Classic news as sir’s top of the teachers!

Blackpool Sixth Form teacher Peter Wright (centre) was named teacher of the year at the Times Education Supplement Further Educations Awards 2015 (photo by Peter Searle)
Blackpool Sixth Form teacher Peter Wright (centre) was named teacher of the year at the Times Education Supplement Further Educations Awards 2015 (photo by Peter Searle)
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An inspirational lecturer who has ‘invaded’ lessons, led trips to Athens, authored four books and quadrupled the intake of students on his course has been named teacher of the year.

Peter Wright impressed judges of the Times Education Supplement’s Further Education Awards 2015 with his passion for teaching classical civilisation at Blackpool Sixth Form College.

The father-of-two, born and bred in Blackpool, was a student at the sixth form on Blackpool Old Road as a teenager, before studying at Lancaster University and returning to his alma mater in 2006 to teach.

When he started out teaching classical civilisation the course intake stood at just 50, but his infectious enthusiasm for the subject saw numbers rise to 200 within a year.

It was this, coupled with “his popularity and his fervour for ancient history”, judges said, that clinched him the top national award.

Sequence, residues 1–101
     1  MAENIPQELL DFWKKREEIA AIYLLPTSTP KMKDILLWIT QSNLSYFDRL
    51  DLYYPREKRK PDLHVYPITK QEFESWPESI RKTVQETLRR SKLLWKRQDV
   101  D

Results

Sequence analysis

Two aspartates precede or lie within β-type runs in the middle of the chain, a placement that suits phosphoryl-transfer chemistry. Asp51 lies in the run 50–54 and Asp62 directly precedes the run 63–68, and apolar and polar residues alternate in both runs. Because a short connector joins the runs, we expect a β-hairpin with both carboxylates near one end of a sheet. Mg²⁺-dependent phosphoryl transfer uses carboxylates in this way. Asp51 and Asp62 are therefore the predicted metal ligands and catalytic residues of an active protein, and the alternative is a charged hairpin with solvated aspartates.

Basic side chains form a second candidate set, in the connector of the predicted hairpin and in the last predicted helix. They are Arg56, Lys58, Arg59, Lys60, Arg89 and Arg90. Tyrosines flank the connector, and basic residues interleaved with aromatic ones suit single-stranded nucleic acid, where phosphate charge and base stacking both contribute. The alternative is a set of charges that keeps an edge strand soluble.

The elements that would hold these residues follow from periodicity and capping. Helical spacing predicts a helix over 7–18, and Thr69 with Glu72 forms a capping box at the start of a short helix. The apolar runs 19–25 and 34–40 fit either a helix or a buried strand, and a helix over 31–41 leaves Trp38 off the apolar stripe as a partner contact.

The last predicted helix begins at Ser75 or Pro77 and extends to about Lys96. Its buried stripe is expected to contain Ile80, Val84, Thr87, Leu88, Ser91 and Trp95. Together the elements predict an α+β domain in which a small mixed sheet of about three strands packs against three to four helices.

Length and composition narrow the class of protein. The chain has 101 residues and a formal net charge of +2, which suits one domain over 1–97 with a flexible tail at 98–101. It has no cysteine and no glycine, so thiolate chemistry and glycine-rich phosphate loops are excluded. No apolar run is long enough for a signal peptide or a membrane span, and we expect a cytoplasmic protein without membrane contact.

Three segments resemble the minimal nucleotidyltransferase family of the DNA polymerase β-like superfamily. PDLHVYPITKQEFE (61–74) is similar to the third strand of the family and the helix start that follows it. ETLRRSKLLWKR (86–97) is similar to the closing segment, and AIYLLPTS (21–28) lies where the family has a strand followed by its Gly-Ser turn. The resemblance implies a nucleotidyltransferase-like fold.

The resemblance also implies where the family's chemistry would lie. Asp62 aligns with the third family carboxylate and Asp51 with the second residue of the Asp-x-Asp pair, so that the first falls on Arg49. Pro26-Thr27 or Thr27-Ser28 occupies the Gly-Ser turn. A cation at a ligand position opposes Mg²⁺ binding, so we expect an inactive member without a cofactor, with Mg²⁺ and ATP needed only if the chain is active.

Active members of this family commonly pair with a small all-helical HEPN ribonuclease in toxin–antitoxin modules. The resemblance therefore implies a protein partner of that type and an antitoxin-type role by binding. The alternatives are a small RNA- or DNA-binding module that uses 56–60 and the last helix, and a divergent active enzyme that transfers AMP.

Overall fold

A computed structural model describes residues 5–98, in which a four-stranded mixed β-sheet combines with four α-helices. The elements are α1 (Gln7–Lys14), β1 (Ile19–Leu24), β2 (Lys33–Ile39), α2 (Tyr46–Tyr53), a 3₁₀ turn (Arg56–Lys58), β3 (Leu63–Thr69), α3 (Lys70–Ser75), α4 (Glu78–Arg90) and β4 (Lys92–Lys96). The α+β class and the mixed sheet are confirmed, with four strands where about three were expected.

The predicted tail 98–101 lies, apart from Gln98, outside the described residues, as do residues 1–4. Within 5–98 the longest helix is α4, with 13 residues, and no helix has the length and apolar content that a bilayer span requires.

Mr Wright, 31, said: “It was awesome to win. I’d been chuffed just to be shortlisted so I was really, genuinely shocked to win. To win a national award, to get that recognition from those people, is fantastic. I’d like to think the judges appreciated all the different opportunities we try to give the students.”

Since taking on his job, and being promoted to course leader for the subject, Mr Wright has run trips to archaeological sites across the country, as well as to the Acropolis in Athens.

He has also written four books on the topic, hosted online seminars to boost his students’ learning, and hosts taster sessions for secondary school pupils to learn about classical civilisations.

And along with some of his students, all dressed as Romans, Mr Wright has ‘invaded’ primary school classes to make history come to life for younger children.

He said: “I’ve always thought that classical civilisations is viewed as a private school subject but I think it can be a real tool in broadening pupils’ aspirations.

“People love good stories and this is such a relevant subject, it’s not just history, there’s social stuff, politics, art, literature.”

Mr Wright had been nominated for the award by his students and colleagues.

He joined hundreds of other teachers at the awards ceremony held at the Grosvenor House Hotel, Park Lane, in London, on Friday.